In June 2014, Craig Peterson (Dance Theater Workshop, Philly Fringe Festival, Philadelphia Live Arts Festival) came on board as director of programs and presentation, tasked with making artistic decisions for the three performance spaces.
And things have only just begun. “I think what is important to note is that there’s so much capacity left,” says Simon. “So much has happened in the last year, but a lot of that was infrastructure and construction. Now is when the real work starts, and there’s a list of things we want to do.”
Sure enough, at the grand opening celebration on October 30, Gibney made a surprise announcement of a brand-new initiative: the Dancers’ Economic Empowerment Program. Now in the early planning stage, DEEP will become a curriculum to help dance artists gain financial skills, create career plans and develop negotiation and networking skills—all the things Gibney herself exemplifies.
“Dancers often work for little or no pay and under the most challenging conditions,” says Gibney. “They want to work so badly—and in fact they must work—and so they accept conditions that are unacceptable.”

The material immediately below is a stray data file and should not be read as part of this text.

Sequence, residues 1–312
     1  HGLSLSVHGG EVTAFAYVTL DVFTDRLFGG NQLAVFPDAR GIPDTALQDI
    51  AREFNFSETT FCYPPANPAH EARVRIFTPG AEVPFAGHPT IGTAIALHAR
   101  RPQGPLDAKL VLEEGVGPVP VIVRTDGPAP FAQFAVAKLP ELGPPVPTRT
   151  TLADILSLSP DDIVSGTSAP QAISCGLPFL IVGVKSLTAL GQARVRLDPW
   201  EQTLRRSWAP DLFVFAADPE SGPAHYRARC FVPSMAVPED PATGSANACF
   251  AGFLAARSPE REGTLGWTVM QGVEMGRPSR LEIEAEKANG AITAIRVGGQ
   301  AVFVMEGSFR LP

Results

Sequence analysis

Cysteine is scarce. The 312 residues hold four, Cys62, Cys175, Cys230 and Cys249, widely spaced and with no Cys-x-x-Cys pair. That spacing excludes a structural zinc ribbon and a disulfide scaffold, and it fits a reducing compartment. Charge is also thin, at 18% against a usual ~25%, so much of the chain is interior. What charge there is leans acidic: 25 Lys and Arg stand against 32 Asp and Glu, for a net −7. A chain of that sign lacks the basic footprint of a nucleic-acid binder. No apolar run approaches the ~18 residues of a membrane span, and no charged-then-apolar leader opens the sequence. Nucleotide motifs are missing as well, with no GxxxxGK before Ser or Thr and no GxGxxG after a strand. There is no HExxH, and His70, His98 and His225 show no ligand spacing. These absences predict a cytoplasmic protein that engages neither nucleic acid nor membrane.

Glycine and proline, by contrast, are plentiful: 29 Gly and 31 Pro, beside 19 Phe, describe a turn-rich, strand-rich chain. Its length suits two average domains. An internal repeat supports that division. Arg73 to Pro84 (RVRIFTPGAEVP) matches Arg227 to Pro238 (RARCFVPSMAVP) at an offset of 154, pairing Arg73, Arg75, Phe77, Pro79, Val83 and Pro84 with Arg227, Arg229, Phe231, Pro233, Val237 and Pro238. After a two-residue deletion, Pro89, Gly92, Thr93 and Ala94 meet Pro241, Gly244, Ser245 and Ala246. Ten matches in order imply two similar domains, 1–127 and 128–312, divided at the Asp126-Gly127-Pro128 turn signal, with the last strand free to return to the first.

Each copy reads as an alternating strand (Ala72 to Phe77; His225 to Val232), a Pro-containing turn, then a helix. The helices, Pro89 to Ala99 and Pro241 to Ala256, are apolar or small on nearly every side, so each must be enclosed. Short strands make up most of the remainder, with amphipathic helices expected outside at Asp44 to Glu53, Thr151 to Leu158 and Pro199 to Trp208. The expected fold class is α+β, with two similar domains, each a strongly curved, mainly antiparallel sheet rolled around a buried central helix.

Nevertheless, the great good cheer and excitement that prevailed during the grand opening festivities seemed to be harbingers of an uptick in the fortunes of NYC’s dance world. Upward Spiral cocktails were served to punctuate Gibney’s optimism: “We believe in the upward spiral. Our field faces challenges that often feel insurmountable, and the dancers are the most fragile link in the artistic and economic chain. This is something that has to change.” DT
Sondra Forsyth is a National Magazine Award winner and a member of the Dance Critics Association. She writes dance reviews for broadwayworld.com.
By the Numbers Gibney Dance Center
890 Broadway: 15,000 square feet with 8 studios
280 Broadway: 36,000 square feet with 8 studios, 3 performance spaces, changing rooms, art gallery, digital lab, charging zone, lecture/conference room, kitchen, coat check, gathering space for lunch and meetings
Paid administrative staff: 24
Population served annually: 547,500
Dance artists served annually: 10,000 (20,000 hours)
Audience capacity: 130, main theater; 70, black-box studio theater; 50, white-box studio theater.
Annual budget: $4,098,136
Renovation budget: $3 million
Photos of Gina Gibney by Christopher Duggan; rehearsal photo courtesy of Gibney Dance Center: town-hall meeting photo by Whitney Browne; DoublePlus performance photo by Alex Escalante